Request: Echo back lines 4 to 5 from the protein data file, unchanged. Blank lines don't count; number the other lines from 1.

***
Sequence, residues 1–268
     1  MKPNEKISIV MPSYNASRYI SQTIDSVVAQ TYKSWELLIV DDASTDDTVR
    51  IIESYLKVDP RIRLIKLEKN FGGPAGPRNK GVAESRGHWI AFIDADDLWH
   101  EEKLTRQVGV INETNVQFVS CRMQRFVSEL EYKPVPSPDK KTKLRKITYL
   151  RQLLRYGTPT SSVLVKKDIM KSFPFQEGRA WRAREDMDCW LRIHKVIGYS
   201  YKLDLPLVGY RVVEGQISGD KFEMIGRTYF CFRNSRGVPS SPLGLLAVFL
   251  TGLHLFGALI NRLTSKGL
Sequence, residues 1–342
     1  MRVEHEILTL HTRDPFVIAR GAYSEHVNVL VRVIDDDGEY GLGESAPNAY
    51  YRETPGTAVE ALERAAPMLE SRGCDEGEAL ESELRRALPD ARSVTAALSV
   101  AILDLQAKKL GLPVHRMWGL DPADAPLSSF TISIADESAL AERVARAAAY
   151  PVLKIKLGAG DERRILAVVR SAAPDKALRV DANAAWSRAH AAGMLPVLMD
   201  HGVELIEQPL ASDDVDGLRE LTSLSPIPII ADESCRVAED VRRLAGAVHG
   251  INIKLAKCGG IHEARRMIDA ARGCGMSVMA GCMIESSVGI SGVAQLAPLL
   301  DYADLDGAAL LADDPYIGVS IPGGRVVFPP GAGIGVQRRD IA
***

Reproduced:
   101  EEKLTRQVGV INETNVQFVS CRMQRFVSEL EYKPVPSPDK KTKLRKITYL
   151  RQLLRYGTPT SSVLVKKDIM KSFPFQEGRA WRAREDMDCW LRIHKVIGYS